The Federal Communications Commission (“FCC”) took a major step forward on closing the “digital divide” in mobile broadband at its February meeting by unanimously adopting an Order resolving the remaining challenges to the Mobility Fund Phase II (“MF-II”) auction.  The order eases the letter of credit requirements and clarifies the collocation obligations for funding recipients, but generally preserves the MF-II auction budget, disbursement, and performance rules announced last year.  After clearing away these challenges, the FCC will focus on identifying the areas eligible for funding and conducting the auction later this year.

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On July 13, 2017, the Federal Communications Commission (“FCC” or the “Commission”) revisited the regulatory framework applicable to wireless microphones in several important ways.  The Order on Reconsideration addressed petitions for reconsideration pertaining to licensed and unlicensed wireless microphone operations under the 2015 Wireless Microphones Order and TV Bands Part 15 Order.  The 2015 Wireless Microphones Order sought to provide licensed wireless microphones users with access to different spectrum bands such as VHF channels, the 600 MHz duplex gap, and the 1435-1525 MHz aeronautical mobile telemetry (“AMT”) band to address the needs of various types of wireless microphone users, particularly in wake of the broadcast incentive auction.  In the TV Bands Part 15 Order, the Commission established rules on a broad range of issues pertaining to unlicensed operations in the television bands, the 600 MHz guard bands and duplex gap, the 600 MHz service band, and Channel 37.  The results of the Wireless Microphones Order on Reconsideration will be welcomed in some circles by manufacturers and bemoaned in others. 
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At its April 20, 2017 Open Meeting, the Federal Communications Commission (“Commission” or “FCC”) initiated two proceedings to review ways in which the Commission might alleviate obstacles wireless providers face at the state, local, and Tribal levels when trying to install new or upgrade existing wireless infrastructure. FCC Chairman Ajit Pai welcomed new ideas for “updating state, local, and Tribal infrastructure review to meet the realities of the modern marketplace.” The Commission’s release, a combined notice of proposed rulemaking (“NPRM”) and notice of inquiry (“NOI”), explains that wireless providers need to be able to deploy many wireless cell sites across the country in response to growing demand for wireless broadband to support high-bandwidth applications and the growth of the Internet of Things. The NPRM and NOI on wireless infrastructure deployment complement a second pair of proceedings that will be looking at wireline infrastructure, also adopted at the FCC’s Open Meeting. A blog and advisory on the wireline counterpart is forthcoming.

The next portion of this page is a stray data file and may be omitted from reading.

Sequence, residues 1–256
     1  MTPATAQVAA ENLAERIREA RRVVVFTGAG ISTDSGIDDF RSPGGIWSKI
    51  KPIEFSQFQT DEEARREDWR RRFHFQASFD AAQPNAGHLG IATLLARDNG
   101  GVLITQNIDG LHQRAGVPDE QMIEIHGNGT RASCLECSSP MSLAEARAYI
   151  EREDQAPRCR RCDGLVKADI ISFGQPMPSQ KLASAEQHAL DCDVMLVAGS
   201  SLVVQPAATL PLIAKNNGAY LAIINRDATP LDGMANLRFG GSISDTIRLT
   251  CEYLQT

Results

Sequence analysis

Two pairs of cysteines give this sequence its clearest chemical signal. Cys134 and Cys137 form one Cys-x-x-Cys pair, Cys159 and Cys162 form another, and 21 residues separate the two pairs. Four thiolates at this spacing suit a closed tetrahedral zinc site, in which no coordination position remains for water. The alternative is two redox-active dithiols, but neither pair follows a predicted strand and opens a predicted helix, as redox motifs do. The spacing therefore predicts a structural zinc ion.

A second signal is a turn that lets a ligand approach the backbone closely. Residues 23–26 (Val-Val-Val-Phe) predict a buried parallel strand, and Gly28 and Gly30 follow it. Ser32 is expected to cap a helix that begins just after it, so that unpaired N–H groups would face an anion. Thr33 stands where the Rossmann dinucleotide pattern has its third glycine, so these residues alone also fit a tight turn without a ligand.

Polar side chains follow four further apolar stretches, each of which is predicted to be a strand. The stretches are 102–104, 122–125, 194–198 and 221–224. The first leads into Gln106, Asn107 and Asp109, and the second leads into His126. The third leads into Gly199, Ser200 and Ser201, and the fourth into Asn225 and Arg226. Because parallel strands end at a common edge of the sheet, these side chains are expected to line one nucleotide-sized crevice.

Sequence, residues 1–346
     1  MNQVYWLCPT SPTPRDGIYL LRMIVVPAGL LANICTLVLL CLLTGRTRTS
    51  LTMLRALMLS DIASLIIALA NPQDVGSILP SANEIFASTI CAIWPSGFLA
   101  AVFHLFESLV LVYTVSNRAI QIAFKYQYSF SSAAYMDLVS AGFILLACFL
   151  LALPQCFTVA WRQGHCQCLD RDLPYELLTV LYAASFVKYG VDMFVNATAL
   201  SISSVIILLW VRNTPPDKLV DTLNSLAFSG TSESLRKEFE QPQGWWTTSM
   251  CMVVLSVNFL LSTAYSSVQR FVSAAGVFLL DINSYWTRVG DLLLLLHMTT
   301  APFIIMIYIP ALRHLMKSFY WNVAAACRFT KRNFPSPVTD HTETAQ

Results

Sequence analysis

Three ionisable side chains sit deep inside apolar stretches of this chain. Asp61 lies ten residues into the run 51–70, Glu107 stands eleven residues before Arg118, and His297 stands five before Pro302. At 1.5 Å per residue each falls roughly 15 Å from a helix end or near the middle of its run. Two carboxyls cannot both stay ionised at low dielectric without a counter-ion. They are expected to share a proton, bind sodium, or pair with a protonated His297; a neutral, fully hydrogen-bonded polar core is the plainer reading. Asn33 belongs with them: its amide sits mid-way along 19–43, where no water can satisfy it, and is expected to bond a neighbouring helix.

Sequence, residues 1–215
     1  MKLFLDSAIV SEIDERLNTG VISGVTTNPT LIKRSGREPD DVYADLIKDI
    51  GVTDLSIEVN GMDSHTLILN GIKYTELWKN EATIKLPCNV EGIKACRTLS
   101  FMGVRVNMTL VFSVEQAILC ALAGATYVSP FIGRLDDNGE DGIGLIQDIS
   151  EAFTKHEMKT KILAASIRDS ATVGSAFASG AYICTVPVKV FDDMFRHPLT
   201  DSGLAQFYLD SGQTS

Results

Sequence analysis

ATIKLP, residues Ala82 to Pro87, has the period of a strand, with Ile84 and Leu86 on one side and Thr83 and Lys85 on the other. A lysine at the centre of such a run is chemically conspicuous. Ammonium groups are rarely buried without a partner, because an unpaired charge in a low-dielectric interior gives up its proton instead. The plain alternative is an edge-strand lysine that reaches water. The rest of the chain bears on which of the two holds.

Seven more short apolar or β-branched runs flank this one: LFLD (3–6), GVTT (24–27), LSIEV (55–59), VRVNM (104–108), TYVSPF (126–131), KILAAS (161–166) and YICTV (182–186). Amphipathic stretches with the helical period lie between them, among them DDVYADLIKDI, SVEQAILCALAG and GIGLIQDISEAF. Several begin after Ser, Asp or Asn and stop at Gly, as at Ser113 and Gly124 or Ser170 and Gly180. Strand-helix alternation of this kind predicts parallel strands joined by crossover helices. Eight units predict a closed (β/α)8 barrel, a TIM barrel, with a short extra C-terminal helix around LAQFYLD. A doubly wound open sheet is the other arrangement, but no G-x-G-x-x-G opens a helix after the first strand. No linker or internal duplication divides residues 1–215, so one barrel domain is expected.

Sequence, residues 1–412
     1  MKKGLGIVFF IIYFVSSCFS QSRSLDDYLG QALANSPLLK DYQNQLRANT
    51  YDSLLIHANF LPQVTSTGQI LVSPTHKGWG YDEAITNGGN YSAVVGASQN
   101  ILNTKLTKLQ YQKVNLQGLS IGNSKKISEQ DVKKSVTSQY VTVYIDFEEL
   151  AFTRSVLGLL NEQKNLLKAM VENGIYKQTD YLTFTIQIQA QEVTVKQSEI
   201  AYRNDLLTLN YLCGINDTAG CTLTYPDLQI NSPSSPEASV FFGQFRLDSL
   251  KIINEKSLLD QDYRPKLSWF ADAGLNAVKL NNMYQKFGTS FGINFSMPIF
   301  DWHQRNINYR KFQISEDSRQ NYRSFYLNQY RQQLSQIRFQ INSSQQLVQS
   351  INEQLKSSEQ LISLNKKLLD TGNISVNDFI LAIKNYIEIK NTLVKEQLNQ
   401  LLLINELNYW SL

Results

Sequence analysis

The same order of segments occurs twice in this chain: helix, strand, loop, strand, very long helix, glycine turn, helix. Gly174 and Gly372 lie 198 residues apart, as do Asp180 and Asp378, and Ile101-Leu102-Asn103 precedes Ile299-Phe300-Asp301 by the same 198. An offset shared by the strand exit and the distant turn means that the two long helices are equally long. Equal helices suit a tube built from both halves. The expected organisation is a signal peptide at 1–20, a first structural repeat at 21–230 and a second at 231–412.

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On August 6, 2015, a summary of the Federal Communications Commission’s (“FCC’s”) Notice of Proposed Rulemaking (“NPRM”) proposing changes to further streamline the FCC’s equipment authorizations procedures was published in the Federal Register.   The NPRM seeks comment on several proposals to update and modify the rules governing the procedures Radiofrequency (“RF”) devices must satisfy

iStock_000036215158LargeLast week, the Federal Communications Commission (“Commission”) released a Notice of Proposed Rulemaking (“NPRM”) seeking comment on several proposals to update and modify the rules governing the procedures Radiofrequency (“RF”) devices must satisfy prior to being marketed.  Comments are due September 8, 2015 and reply comments are due September 21, 2015.

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In an earlier blog post, we reported on the Federal Communications Commission’s December 30, 2014, decision to expand the role of Telecommunications Certifications Bodies (“TCBs”), requiring them to process all applications for transmitters and other equipment subject to the certification procedure.  The FCC’s Order was recently published in the Federal Register, establishing the effective